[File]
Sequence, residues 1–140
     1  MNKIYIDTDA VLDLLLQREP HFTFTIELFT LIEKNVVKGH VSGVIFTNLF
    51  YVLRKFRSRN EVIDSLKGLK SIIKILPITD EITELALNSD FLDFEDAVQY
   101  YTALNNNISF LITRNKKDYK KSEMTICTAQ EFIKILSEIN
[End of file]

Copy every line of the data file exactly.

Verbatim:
Sequence, residues 1–140
     1  MNKIYIDTDA VLDLLLQREP HFTFTIELFT LIEKNVVKGH VSGVIFTNLF
    51  YVLRKFRSRN EVIDSLKGLK SIIKILPITD EITELALNSD FLDFEDAVQY
   101  YTALNNNISF LITRNKKDYK KSEMTICTAQ EFIKILSEIN